Zang v. Umami Sustainable Seafood, Inc.

Filing 51

ORDER granting 37 Defendant's Motion for Summary Judgment. The Court GRANTS Umami's motion for summary judgment as to Plaintiff's breach of contract and breach of implied covenant of good faith and fair dealing claims. Signed by Judge Anthony J. Battaglia on 2/16/2017. (acc)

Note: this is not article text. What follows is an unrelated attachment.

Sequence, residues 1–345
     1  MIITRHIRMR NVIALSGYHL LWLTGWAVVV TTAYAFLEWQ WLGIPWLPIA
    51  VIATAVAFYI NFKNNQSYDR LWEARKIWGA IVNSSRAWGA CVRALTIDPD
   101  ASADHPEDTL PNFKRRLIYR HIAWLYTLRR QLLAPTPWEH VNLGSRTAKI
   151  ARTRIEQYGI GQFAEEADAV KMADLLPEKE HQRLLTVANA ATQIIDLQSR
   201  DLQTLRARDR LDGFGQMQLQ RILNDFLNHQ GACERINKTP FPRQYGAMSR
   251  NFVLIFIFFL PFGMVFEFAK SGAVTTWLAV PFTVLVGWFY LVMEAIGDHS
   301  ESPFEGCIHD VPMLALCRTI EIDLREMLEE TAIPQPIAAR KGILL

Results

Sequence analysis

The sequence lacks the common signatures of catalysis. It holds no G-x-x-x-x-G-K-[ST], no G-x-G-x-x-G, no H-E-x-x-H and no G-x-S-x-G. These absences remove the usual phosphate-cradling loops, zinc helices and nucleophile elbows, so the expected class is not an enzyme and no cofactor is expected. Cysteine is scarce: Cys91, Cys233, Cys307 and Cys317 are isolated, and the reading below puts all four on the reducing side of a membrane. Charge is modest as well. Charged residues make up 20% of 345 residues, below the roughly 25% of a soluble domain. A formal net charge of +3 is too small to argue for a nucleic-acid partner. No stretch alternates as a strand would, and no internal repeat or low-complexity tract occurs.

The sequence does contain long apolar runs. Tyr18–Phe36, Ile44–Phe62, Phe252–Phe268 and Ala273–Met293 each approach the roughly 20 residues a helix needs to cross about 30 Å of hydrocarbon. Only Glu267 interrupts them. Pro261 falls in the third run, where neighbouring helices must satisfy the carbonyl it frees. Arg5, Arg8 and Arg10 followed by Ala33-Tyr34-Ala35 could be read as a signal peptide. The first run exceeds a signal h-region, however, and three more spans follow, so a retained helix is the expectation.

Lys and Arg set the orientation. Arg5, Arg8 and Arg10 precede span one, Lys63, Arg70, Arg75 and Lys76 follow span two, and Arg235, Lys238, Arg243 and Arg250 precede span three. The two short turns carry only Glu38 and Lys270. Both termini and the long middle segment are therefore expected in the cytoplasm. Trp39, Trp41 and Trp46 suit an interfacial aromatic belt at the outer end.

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1 2 3 4 5 6 7 8 UNITED STATES DISTRICT COURT 9 SOUTHERN DISTRICT OF CALIFORNIA 10 11 DANIEL ZANG, Case No.: 15cv475 AJB (DHB) Plaintiff, 12 13 14 ORDER GRANTING DEFENDANT’S MOTION FOR SUMMARY JUDGMENT v. UMAMI SUSTAINABLE SEAFOOD, INC., 15 Defendant. 16 17 Presently before the Court is Daniel Zang’s (“Plaintiff”) complaint asserting two 18 19 20 21 22 23 24 25 26 27 28 causes of action: (1) breach of contract; and (2) breach of implied covenant of good faith and fair dealing. (Doc. No. 23.) On November 2, 2016, Defendant Umami Sustainable Seafood, Inc. (“Umami”) filed a motion for summary judgment. (Doc. No. 37.) Plaintiff opposes the motion. (Doc. No. 40.) Pursuant to Local Rule 7.1.d.1, the Court finds the instant motion suitable for determination on the papers and without oral argument. Accordingly, the motion hearing set for February 2, 2017, is hereby vacated. For the reasons set forth below, the Court GRANTS Umami’s motion for summary judgment. I. BACKGROUND The instant action arises from a 2010 employment agreement (hereafter referred to as “the Agreement”) between Lions Gate Lighting Corporation (“Lions Gate”) and 1 15cv475 AJB (DHB) 1 Plaintiff. (Doc. No. 23 ¶ 9.) After a subsequent reverse merger, Lions Gate changed its 2 name to Umami Sustainable Seafood, Inc. (Id. ¶ 19; Doc. No. 37-1 at 6; Neach Decl. Ex. 3 1 (“Zang Depo. I”) 7:18-8:4, Doc. No. 37-3.)1 Under the Agreement, Plaintiff was hired as 4 Chief Financial Officer of Umami, and received an annual base salary of $179,000. (Doc. 5 No. 23 ¶¶ 10, 11.) 6 In December of 2012, due to the actions of various current and previous 7 shareholders, and creditors including Umami, Atlantis2 and its wholly owned subsidiary 8 Atlantis Kabushiki Kaisha (collectively referred to as “Atlantis”), were declared in default 9 under various credit and collateral agreements. (Id. ¶ 24.) As a result of the foreclosures, 10 Atlantis is no longer a shareholder of Umami, and Mr. Oli Steindorsson3 (“Mr. 11 Steindorsson”), Umami’s previous Chief Executive Officer, is no longer a direct or 12 beneficial owner of the shares in Umami. (Id. ¶¶ 23, 26.) 13 On December 8, 2012, Mr. Steindorsson was removed from his position as Chief 14 Executive Officer and Chairman of the Board of Umami. (See id. ¶ 27; Lorenz Decl. Ex. 3 15 (“Fitzpatrick Depo. II”) 6:9-11, Doc. No. 40-5.) The reason for Mr. Steindorsson’s removal 16 was that there was the concern that based on Mr. Steindorsson’s past actions, that he would 17 sell inventory from one of the companies and put that money into his own pocket; resulting 18 in a devastating impact to Umami. (Fitzpatrick Depo. II 8:13-18.) Thus, the board agreed 19 to remove Mr. Steindorsson without his knowledge, which required the board to form a 20 plan in absolute secrecy. (Id. at 8:19-9:16.) 21 At around the same time, creditors took the collateral that they were entitled to and 22 redistributed the shares that were previously held by Mr. Steindorsson.4 (Neach Decl. Ex. 23 24 25 26 27 28 1 Page numbers are in reference to the automatically generated CM/ECF page number and not the number listed on the document. 2 At the time, Atlantis was Umami’s largest shareholder, owning 62.1% of Umami’s issued shares. (Doc. No. 23 ¶ 22.) 3 Prior to the foreclosures, Atlantis was largely owned by Mr. Steindorsson. (Id. ¶ 23.) 4 The Secured Creditors received their collateral through various agreements entered into with Atlantis who had secured its obligations by pledging its Umami stock as collateral. (Doc. No. 40 at 6-7.) 2 15cv475 AJB (DHB) 1 3 (“Fitzpatrick Depo. I”) 8:21-24, Doc. No. 37-5.) These creditors included Daito Gyorui 2 Co., LTD. (“Daito”), Victoria Ross and Donald M. Ross c/o Jones Gable and Company 3 Limited (collectively referred to as “Jones Gable”), Robert Gudfinnsson c/o Salander 4 Holdings Limited (“Robert Gudfinnsson”), Baja Aqua Farms, S.A. de C.V. (“Baja”), and 5 Kali Tuna d.o.o (“Kali”) (collectively referred to as “Secured Creditors”).5 (Doc. No. 23 ¶ 6 28; Fitzpatrick Depo. I 9:7-10:13.) The parties then increased their ownership of Umami 7 or became financial owners of Umami, as defined in 17 C.F.R. 240.13d-3 (“Rule 13d-3”)6 8 as follows: (1) Daito 21.8%; (2) Robert Gudfinnsson 11.7%7; (3) Jones Gable 13.4%8; and 9 (4) Kali and Baja 15.1%.9 (Doc. No. 23 ¶ 28.) 10 In March of 2013, as a result of the events listed above, Plaintiff spoke to Mr. Tim 11 Fitzpatrick (“Mr. Fitzpatrick”), Umami’s former Chief Financial Officer and current Chief 12 Executive Officer, stating that he believed a Non-Negotiated Change in Control (“Change 13 in Control”) had occurred. (Id. ¶ 31.) 14 Under Paragraph 4(c)(A)(iii) of the Agreement, Plaintiff may terminate the 15 Agreement for “Good Reason.” (Id. ¶ 12; Doc. No. 37-4 at 4.) Included in the Agreement’s 16 definition of “Good Reason” is “the occurrence of a Non-Negotiated Change in Control of 17 the Company.” (Id.) The definition of a Non-Negotiated Change in Control at issue in the 18 present matter is: 19 Any individual, corporation (other than the Company, any 20 trustees or other beneficiary holding securities under any 21 employee benefit plan of the Company, or any company owned, 22 23 24 25 26 27 28 5 The Court notes that Mr. Fitzpatrick in his deposition states that the creditors who took collateral also included Sirius Ocean. (Fitzpatrick Depo. I 9:5-12.) 6 17 C.F.R. 240.13d-3 states that for purposes of sections 13(d) of the Act, a beneficial owner of a security includes any person who has or shares: (1) voting power; and/or (2) investment power. 7 Mr. Gudfinnsson’s 13d-3 states he owned 11.8%. (Doc. No. 37-9 at 2-3.) 8 Jones Gable’s attached 13d-3 document states that the number of shares it owned was 16.2%. (Doc. No. 37-7 at 3.) Victoria Ross also filed a 13d-3 which states that she had shares in the amount of 5.9%. (Doc. No. 40-10 at 2.) 9 Plaintiff attaches to his Opposition a 13d-3 document for Motomax S.A. de C.V. (Doc. No. 40-12 at 2.) The Court is unsure of who this is, and whether or not they are one of the Secured Creditors at issue. 3 15cv475 AJB (DHB) 1 directly or indirectly, by the shareholders of the Company in 2 substantially the same proportions as their ownership of stock of 3 the Company), partnership, trust, association, pool, syndicate, or 4 any other entity or any group of persons acting in concert 5 becomes the beneficial owner (within the meaning of Rule 13d- 6 3 under the Securities Exchange Act of 1934) of securities of the 7 Company possessing more than fifty percent (50%) of the voting 8 power for the election of directors of the Company. 9 (Doc. No. 23 ¶ 14; Doc. No. 37-4 at 4.) 10 Subsequently, on March 13, 2013, Plaintiff wrote to Mr. Fitzpatrick pursuant to 11 paragraph 4(d) of the Agreement and provided Umami with formal Notice of Termination 12 for Good Reason. (Doc. No. 23 ¶ 33.) Additionally, Plaintiff’s termination letter included 13 a section that stated that per paragraph 5(a) of the Agreement, as Plaintiff wished to resign 14 for “Good Reason,” Umami shall: 15 (i) pay Employee’s accrued but unpaid portion of the Annual 16 Base Salary to the Employee in a lump sum in cash within twenty 17 (20) days after the Date of Termination, (ii) continue to pay (in 18 periodic intervals consistent with Company’s regular payroll 19 practices) pay the Annual Base Salary for the remainder of the 20 Employment period, and (iii) if the termination takes place for 21 Good Reason as a result of a Non-Negotiated Change in Control, 22 the Company will pay the Employee two (2) times the Annual 23 Base Salary in a lump sum in cash within thirty (30) days after 24 the Date of Termination and permit all unvested options granted 25 hereunder to be vested immediately. 26 (Id. ¶ 35; Doc. No. 37-4 at 5.) 27 Umami accepted Plaintiff’s notice of termination, and Plaintiff’s last day of 28 employment was March 22, 2013. (Doc. No. 23 ¶ 39.) On March 31, 2013, Plaintiff 4 15cv475 AJB (DHB) 1 received his last paycheck. (Id. ¶ 44.) This paycheck only included payment of Plaintiff’s 2 prorated annual base salary, and accrued but unused vacation through March 31, 2013. (Id. 3 ¶ 45.) Plaintiff claims that Umami withheld and/or deducted from his paycheck $42,500.00, 4 and asserts that Umami owes him no less than $382,500.00, which includes the 5 $340,000.00 he was owed for payment of two times of his annual base salary. (Id. ¶¶ 46, 6 47, 50.) 7 In May of 2013, Mr. Fitzpatrick wrote to Plaintiff and stated that Umami had 8 determined that no Change in Control had occurred; thus no payments were due to Plaintiff 9 under the Agreement. (Id. ¶ 51; Doc. No. 37-11 at 5-6.) Disagreeing with Umami, Plaintiff 10 reached out to Mr. Fitzpatrick on more than one occasion between June and November of 11 2013 regarding Umami’s decision not to pay. (Doc. No. 23 ¶ 52; Doc. No. 37-11 at 3-6.) 12 Plaintiff contends that Mr. Fitzpatrick would not provide him with any explanation for why 13 Umami believed non-payment was appropriate. (Doc. No. 23 ¶ 52.) On November 25, 14 2013, Plaintiff wrote to Umami’s Board of Directors requesting an explanation for their 15 decision that no Change in Control occurred. (Id. ¶ 53; Doc. No. 37-11 at 3.) Plaintiff then 16 wrote Umami, through his counsel, on September 11, 2014 and October 3, 2014, again 17 requesting payment pursuant to paragraphs 4 and 5 of the Agreement, or for justification 18 for non-payment. (Doc. No. 23 ¶ 54.) Plaintiff alleges that Umami’s Board of Directors 19 has not responded to any of his requests. (Id. ¶ 55.) 20 On March 3, 2015, Plaintiff instituted this action against Umami. (Doc. No. 1.) On 21 April 10, 2015, Umami filed a motion to dismiss, (Doc. No. 8), which was granted in part 22 and denied in part on July 14, 2015. (Doc. No. 22.) On July 24, 2015, Plaintiff filed his 23 first amended complaint (“FAC”). (Doc. No. 23.) Plaintiff asserts three causes of action: 24 (1) breach of contract; (2) breach of covenant of good faith and fair dealing; and (3) 25 violation of New York Labor Law 190. (Id. ¶¶ 56-80.) On August 10, 2015, Umami filed 26 a motion to dismiss Plaintiff’s third claim for relief, (Doc. No. 24), which was granted on 27 September 30, 2015. (Doc. No. 29.) On November 2, 2016, Umami filed the present action, 28 its motion for summary judgment. (Doc. No. 37.) 5 15cv475 AJB (DHB) 1 II. LEGAL STANDARD 2 Summary judgment is appropriate under Federal Rule of Civil Procedure 56 if the 3 moving party demonstrates the absence of a genuine issue of material fact and entitlement 4 to judgment as a matter of law. Celotex Corp. v. Catrett, 477 U.S. 317, 322 (1986). A fact 5 is material when, under the governing substantive law, it could affect the outcome of the 6 case. Anderson v. Liberty Lobby, Inc., 477 U.S. 242, 248 (1986). A dispute is genuine if a 7 reasonable jury could return a verdict for the nonmoving party. Id. 8 A party seeking summary judgment bears the initial burden of establishing the 9 absence of a genuine issue of material fact. Celotex Corp., 477 U.S. at 323. The moving 10 party can satisfy this burden in two ways: (1) by presenting evidence that negates an 11 essential element of the nonmoving party’s case; or (2) by demonstrating the nonmoving 12 party failed to establish an essential element of the nonmoving party’s case on which the 13 nonmoving party bears the burden of proving at trial. Id. at 322–23. 14 Once the moving party establishes the absence of a genuine issue of material fact, 15 the burden shifts to the nonmoving party to set forth facts showing a genuine issue of a 16 disputed fact remains. Id. at 330. When ruling on a summary judgment motion, the Court 17 must view all inferences drawn from the underlying facts in the light most favorable to the 18 nonmoving party. Matsushita Elec. Indus. Co. v. Zenith Radio Corp., 475 U.S. 574, 587 19 (1986). 20 III. DISCUSSION 21 A. 22 Paragraph 9(a) of the Agreement plainly states that “[t]his Agreement shall be 23 governed by, and construed in accordance with, the laws of the State of New York, without 24 reference to principals of conflicts of laws.” (Doc. No. 37-4 at 7.) “In determining the 25 enforceability of a choice of law provision in a diversity action, a federal court applies the 26 choice of law rules of the forum state. . . .” Hatfield v. Halifax PLC, 564 F.3d 1177, 1182 27 (9th Cir. 2009). The California Supreme Court has held that parties’ choice of law should 28 be respected if the “chosen state has a substantial relationship to the parties or their New York Law Applies 6 15cv475 AJB (DHB) 1 transaction, or [] whether there is any other reasonable basis for the parties’ choice of law.” 2 Nedlloyd Lines B.V. v. Superior Court of San Mateo Cnty., 3 Cal. 4th 459, 466 (1992). 3 Here, the Agreement was executed while Umami’s principal place of business was 4 in New York. (Doc. No. 23 ¶¶ 8, 9; Doc. No. 37-1 at 10.) Thus, there is a “reasonable basis” 5 for the parties’ choice of New York Law. See Peleg v. Neiman Marcus Grp., 204 Cal. App. 6 4th 1425, 1446 (2012). Moreover, both parties agree that New York law applies. (Doc. No. 7 37-1 at 10-11; Doc. No. 40 at 10-11.) Accordingly, the Court will apply New York law to 8 Plaintiff’s breach of contract and breach of the implied covenant claims. 9 B. Plaintiff’s Breach of Contract Claim10 10 For clarity, the Court reiterates the relevant parts of the Agreement at issue in the 11 present matter: (1) any group of persons; (2) acting in concert; (3) becomes the beneficial 12 owner (within the meaning of Rule 13d-3 under the Securities Exchange Act of 1934) of 13 securities of Umami; and (4) possessing more than fifty (50%) of the voting power for the 14 election of directors of Umami. (Doc. No. 37-4 at 4.) 15 Umami moves for summary judgment on Plaintiff’s breach of contract claim 16 asserting that: (1) there was no group that acted in concert; and (2) the lack of beneficial 17 ownership by a “group” means no Change in Control occurred. (Doc. No. 37-1 at 11-15.) 18 In direct contrast, Plaintiff argues that summary judgment is not warranted because: (1) the 19 Secured Creditors acted in concert by agreeing to forbear on foreclosing on their various 20 credit and collateral agreements; and (2) the Secured Creditors were a group that obtained 21 more than 50% of beneficial ownership in Umami following the Change in Control. (Doc. 22 No. 40 at 11-19.) 23 /// 24 /// 25 26 27 28 10 A plaintiff must plead and prove three elements to establish a prima facie case for breach of contract: (1) the existence of a contract; (2) a breach of that contract; and (3) damages resulting from the breach. Nat. Mkt. Share, Inc. v. Sterling Nat’l Bank, 392 F.3d 520, 525 (2d Cir. 2004). The parties do not dispute that there was a valid contract. The only question is whether Umami breached its duties as set forth in the Agreement. 7 15cv475 AJB (DHB) 1 i. 2 A Genuine Issue Of Material Fact Remains as to Whether a “Group” Obtained Beneficial Ownership of Umami 3 Umami argues that the term “group” has a well understood meaning that does not 4 include creditors foreclosing on cross-defaults. (Doc. No. 37-1 at 14.) In addition, by its 5 terms, Umami contends that Section 4(c)(x) incorporates the provisions of Rule 13d-3 6 which provides: 7 (a) For the purposes of 13(d) and 13(g) of the Act a beneficial 8 owner of a security includes any person who, directly or 9 indirectly, through any contract, arrangement, understanding, 10 relationship, or otherwise has or shares: 11 (1) Voting Power which includes the power to vote, or to direct 12 the voting of such security; and/or 13 (2) Investment power which includes the power to dispose, or to 14 direct the disposition of, such security. 15 17 C.F.R. 240.13d-3. (Id. at 13.) Thus, as there is no evidence indicating that the Secured 16 Creditors had any kind of understanding to share voting or investment power, no “group” 17 held beneficial ownership of Umami stock. (Id. at 14-15.) In opposition, Plaintiff contends 18 that his reading of the term “group” in the Agreement’s context was not limited to Rule 19 13d-3, but included any combination of people acting in concert. (Doc. No. 40 at 19.) 20 Under New York law, “[c]onstruction and interpretation of an unambiguous written 21 contract is an issue of law within the province of the court.” Maser Consulting P.A., v. 22 Viola Park Realty, LLC, 91 A.D.3d 836, 837, 936 N.Y.S.2d 693 (N.Y. App. Div. 2012). 23 “Pursuant to well-settled rules of contract interpretation, ‘when parties set down their 24 agreement in a clear, complete document, their writing should be as a rule be enforced 25 according to its terms.’” In Re El-Roh Realty Corp., 74 A.D.3d 1796, 1798–99, 902 26 N.Y.S.2d 727 (N.Y. App. Div. 2010) (citation omitted). “[I]f the contract is ambiguous and 27 relevant extrinsic evidence as to its meaning is available, its interpretation is a question of 28 8 15cv475 AJB (DHB) 1 fact for the factfinder.” New Windsor Volunteer Ambulance Corps, Inc. v. Meyers, 442 2 F.3d 101, 111 (2d Cir. 2006). 3 Having reviewed both parties’ arguments and the applicable law, the Court finds that 4 there are disputed issues of material fact as to whether a “group” acted in concert. First, 5 both parties dispute the meaning of “group” as defined in the Agreement. Umami argues 6 that “group” is defined by Rule 13d-3. (Doc. No. 37-1 at 13.) Thus, the group must share 7 voting or investment power. (Id.) However, Plaintiff disagrees and argues that as the word 8 “group” is placed in the Agreement’s paragraph containing broader language, the 9 Agreement does not explicitly limit “group” to be defined by Rule 13d-3. (Doc. No. 40 at 10 19.) Second, even if Rule 13d-3 were to apply to the definition of “group,” both parties 11 dispute what criteria should be used to classify a “group.” Umami cites to Dreiling v. Am. 12 Online, Inc., 578 F.3d 995, 1002–1003 (9th Cir. 2009) to argue that the “key inquiry” in 13 these cases is whether the alleged group “agree[d] to act together for the purpose of 14 acquiring, holding, voting or disposing” of Umami stock. (Doc. No. 37-1 at 14.) In contrast, 15 Plaintiff cites to Morales v. New Valley Corp., 999 F. Supp. 470, 475 (S.D.N.Y. 1998) to 16 assert that the “touchstone of a group” within the meaning of Section 13d-3 is that the 17 members “combined in furtherance of a common objective.” (Doc. No. 40 at 18.) Finally, 18 Plaintiff argues that his own understanding of the word “group” is not limited to Rule 13d- 19 3. (Id. at 19.) 20 In light of Plaintiff’s assertions stated above, the Court finds that Plaintiff has 21 satisfied his burden in providing evidence that demonstrates that the word “group” is 22 ambiguous. See Compagnie Financiere De Cic Et De L’Union Europeenne v. Merrill 23 Lynch, Pierce, Fenner & Smith Inc., 232 F.3d 153, 157–158 (2d Cir. 2000) (“[c]ontract 24 language is ambiguous if it is ‘capable of more than one meaning when viewed objectively 25 by a reasonably intelligent person . . .’”) (citation omitted). Moreover, in regards to what 26 the key inquiry of a “group” is for purposes of Rule 13d-3, the Court notes that Umami’s 27 case law is unpersuasive as it cites to cases from the First and Ninth Circuit instead of the 28 9 15cv475 AJB (DHB) 1 Second Circuit.11 Accordingly, finding a rational basis for the difference in opinion as to 2 the understanding of the word “group,” the Court finds summary judgment as to this aspect 3 of Plaintiff’s breach of contract claim inappropriate. See Mellon Bank v. United Bank 4 Corp., 31 F.3d 113, 115 (2d Cir. 1994) (holding that summary judgment is proper in a 5 contract dispute only if the language of the contract is “wholly unambiguous”); see also 6 Pfizer, Inc. v. Stryker Corp., 348 F. Supp. 2d 131, 142 (N.Y. Ct. 2004) (“Whether a contract 7 is unambiguous is a threshold question. The existence of an ambiguity depends on whether 8 there is a reasonable basis for difference of opinion as to the meaning of the contract.”). 9 ii. Plaintiff has Failed to Provide Evidence of a Group “Acting in Concert” 10 The Court now turns to its next inquiry: whether a genuine issue of material fact 11 exists as to whether a group “acted in concert.” Umami alleges that Plaintiff’s own 12 testimony shows the Court that there is no indication that any of the Secured Creditors 13 “acted in concert.” (Doc. No. 37-1 at 12.) In addition, Umami highlights that Daito’s filed 14 Schedule 13D12 with the Securities and Exchange Commission (“SEC”) specifically states 15 that it is filing “not as a group.”13 (Id.) Accordingly, without Daito and its 21.8% holding 16 in Umami’s stock, Umami argues that the Secured Creditors could not have created a 17 Change in Control with over 50% of the voting share. (Id. at 12-13.)14 18 In opposition, Plaintiff alleges that there is ample evidence to support the idea that 19 the Secured Creditors “acted in concert” to facilitate Mr. Steindorsson’s removal as CEO 20 of Umami. (Doc. No. 40 at 12.) Plaintiff also asserts that the evidence reveals that the 21 22 23 24 25 26 27 28 11 Umami requested and the Court granted, supra pp. 6-7, that New York Law applies to the instant matter. 12 When a person or group of persons acquires a beneficial ownership of more than 5% of a voting class of a company’s equity securities registered under Section 12 of the Securities Exchange Act of 1934, they are required to file a Schedule 13D with the Securities and Exchange Commission. (See Generally, Doc. No. 37-6.) 13 Daito checked box “b” on Line 2 of its Schedule 13D. As Code of Federal Regulation §240.13d-101 provides, the reporting party checks box “b” if it “disclaims membership in a group” or “does not affirm the existence of a group.” (Doc. No. 37-1 at 12.) 14 Umami also cites to a New York case to argue that the meaning of “acting in concert” requires something more than a “common objective.” (Doc. No. 37-1 at 12.) As this case cited by Umami involves a charge for harassment, the Court finds its definition to be unpersuasive to the matter at hand. 10 15cv475 AJB (DHB) 1 Secured Creditors acted in concert by “agree[ing] to forbear on foreclosing on their various 2 credit and collateral agreements until December 2012 . . . .” (Id. at 13.) 3 Here, the underlying facts and evidence presented by both parties, as well as the 4 deposition testimony of Plaintiff could not permit a rational trier of fact to find that a group 5 “acted in concert.” Significant to the Court’s determination is the fact that Plaintiff provides 6 no evidence to show that Daito, Robert Gudfinnsson, Jones Gable, Kali, and Baja each 7 came together in union to act as a group. Instead, Plaintiff asserts in his Opposition that 8 Mr. Fitzpatrick acted on behalf of Robert Gudfinnsson and Jones Gable to transfer their 9 secured collateral shares in Umami into their own respective names. (Id. at 14.) Then 10 Plaintiff claims that Mike Gault, a member of Umami’s Board of Directors, had been 11 working with Daito to prevent Daito from foreclosing on its collateral prior to finalizing 12 Umami’s removal of Mr. Steindorsson. (Id.) However, the shortcomings of Plaintiff’s 13 assertions are that they are devoid of any evidence to support Plaintiff’s conclusion that all 14 five of the Secured Creditors “acted in concert.” Thus, this piecemeal attempt by Plaintiff 15 fails to satisfy his burden of demonstrating that a genuine issue of material fact exists. 16 Moreover, Plaintiff’s own deposition testimony admits that he has no facts or 17 evidence of the Secured Creditors acting together, but merely that he has based his 18 allegations on his own inferences of the situation. (Zang Depo. I 17:14-24; Lorenz Decl. 19 (“Zang Depo. II”) 9:4-23, Doc. No. 40-14.) Plaintiff counters and argues that the actions 20 of the Secured Creditors had to be done in complete secrecy so as not to warn Mr. 21 Steindorsson of his impending resignation. (Fitzpatrick Depo. II 9:10-16.) Thus, Plaintiff 22 contends that though he does not have all of the facts, the complete removal of Mr. 23 Steindorsson could only be accomplished through the concerted actions of the Secured 24 Creditors. (Zang Depo. II 4:9-25.) However, the Court notes that “[t]he mere existence of 25 a scintilla of evidence in support of the plaintiff’s position will be insufficient; there must 26 be evidence on which the jury could reasonably find for the plaintiff.” Anderson, 477 U.S. 27 at 252. Thus, despite the arguments advanced by Plaintiff in support of the conclusion that 28 a group “acted in concert,” the Court finds that Plaintiff has not provided evidence or facts 11 15cv475 AJB (DHB) 1 to withstand a motion for summary judgment. See Matsushita Elec. Indus. Co., 475 U.S. 2 at 586 (finding that the non-moving party must go beyond the pleadings and “must do more 3 than simply show that there is some metaphysical doubt as to the material facts”); see also 4 Anderson, 477 U.S. at 256 (“[a] party opposing a properly supported motion for summary 5 judgment may not rest upon the mere allegations or denials of his pleading, but must set 6 forth specific facts showing that there is a genuine issue for trial.”). 7 Accordingly, though Plaintiff was able to demonstrate that a genuine issue of 8 material fact exists as to the definition of “group,” Plaintiff has failed to satisfy his burden 9 in providing the Court with any specific facts to demonstrate that the Secured Creditors 10 “acted in concert.” See Zuckerman v. City of New York, 49 N.Y.2d 557, 563, 404 N.E.2d 11 718 (N.Y. 1980) (granting summary judgment as the city’s arguments were considered 12 speculation and this was “patently inadequate to establish the existence of a factual issue 13 requiring a trial . . .”). Consequently, as currently configured, a reasonable jury could not 14 return a verdict for Plaintiff in regards to his breach of contract claim. As a result, Umami’s 15 motion for summary judgment is GRANTED. 16 17 C. Plaintiff has Failed to Demonstrate that a Genuine Issue of Material Fact Exists Regarding his Breach of Implied Covenant Claim 18 Next, the Court turns to Plaintiff’s claims for breach of implied covenant. Umami 19 argues that the undisputed evidence, including Plaintiff’s own admissions, demonstrates 20 that Plaintiff received an immediate communication from Umami stating that it believed 21 that no Change in Control had occurred. (Doc. No. 37-1 at 15.) In addition, Umami asserts 22 that Plaintiff’s own testimony that he had already accepted a job offer with a new company 23 demonstrates that Umami did not induce Plaintiff to terminate his employment. (Id.) In 24 opposition, Plaintiff contends that Umami accepted his termination for good reason without 25 intending to pay him pursuant to the Agreement. (Doc. No. 40 at 27.) 26 “Implicit in all contracts is a covenant of good faith and fair dealing in the course of 27 contract performance.” Dalton v. Educ. Testing Serv., 87 N.Y.2d 384, 389, 663 N.E.2d 289 28 (N.Y. 1995) (citation omitted). Under New York law, a covenant of good faith and fair 12 15cv475 AJB (DHB) 1 dealing implies that “neither party to a contract shall do anything which has the effect of 2 destroying or injuring the right of the other party to receive the fruits of the contract.” 3 Thyroff v. Nationwide Mut. Ins. Co., 460 F.3d 400, 407 (2d Cir. 2006). 4 Here, Plaintiff’s own deposition shows that he was aware that Mr. Fitzpatrick and 5 Umami agreed that no Change in Control had happened. (Doc. No. 37-1 at 15; Zang Depo. 6 I 20:12-21:21.) Specifically, Plaintiff admits that Mr. Fitzpatrick was “100 percent 7 consistent” in communicating to Plaintiff that a Change in Control did not apply. (Zang 8 Depo. I 20:12-16.) Therefore, the Court finds Plaintiff’s assertion that Umami induced 9 Plaintiff to terminate his employment with the understanding that they would not pay him 10 for the alleged Change in Control is without merit. 11 Additionally, Plaintiff tries to argue that he was forced to leave his position as Mr. 12 Fitzpatrick would not discuss Plaintiff’s continued employment with Umami, and informed 13 Plaintiff that Umami was in a difficult financial position. (Doc. No. 40 at 21.) That then 14 put Plaintiff in the position of being unemployed or having to look for a new job. (Id.) 15 However, the evidence presented by Plaintiff is a far cry from proving breach of implied 16 covenant. All Plaintiff has shown is that he was employed by a company in financial 17 distress, and believing that a Change in Control happened, despite being told that no such 18 change had occurred, he chose to terminate his employment. None of the evidence 19 presented by Plaintiff goes to show that he was induced to terminate his employment under 20 the guise that he would be paid under the terms of the Agreement providing for termination 21 for Good Cause. 22 On a final note, this claim fails for a separate reason. The Court highlights that this 23 claim as well as Plaintiff’s claim for breach of contract assert that the underlying wrong is 24 Umami’s failure to pay Plaintiff according to the terms of the Agreement. Accordingly, as 25 this claim is duplicative of Plaintiff’s breach of contract claim, it is dismissed. See 26 Lorterdan Prop. At Ramapo I, LLC, v. Watchtower Bible and Tract Soc’y of New York, 27 Inc., No. 11-CV-3656 CS, 2012 WL 2873648, at * 8 (S.D.N.Y. Jul. 10, 2012); see also 28 Fleisher v. Phoenix Life Ins. Co., 858 F. Supp. 2d 290, 299 (N.Y. Ct. 2012) (“New York 13 15cv475 AJB (DHB) 1 law . . . does not recognize a separate cause of action for breach of the implied covenant of 2 good faith and fair dealing when a breach of contract claim, based upon the same facts, is 3 also pled.”) (citation omitted). Accordingly, Umami’s motion for summary judgment is 4 GRANTED as to Plaintiff’s claim for breach of the implied covenant. 5 CONCLUSION 6 For the reasons stated more fully above, the Court GRANTS Umami’s motion for 7 summary judgment as to Plaintiff’s breach of contract and breach of implied covenant of 8 good faith and fair dealing claims. 9 10 IT IS SO ORDERED. 11 Dated: February 16, 2017 12 13 14 15 16 17 18 19 20 21 22 23 24 25 26 27 28 14 15cv475 AJB (DHB)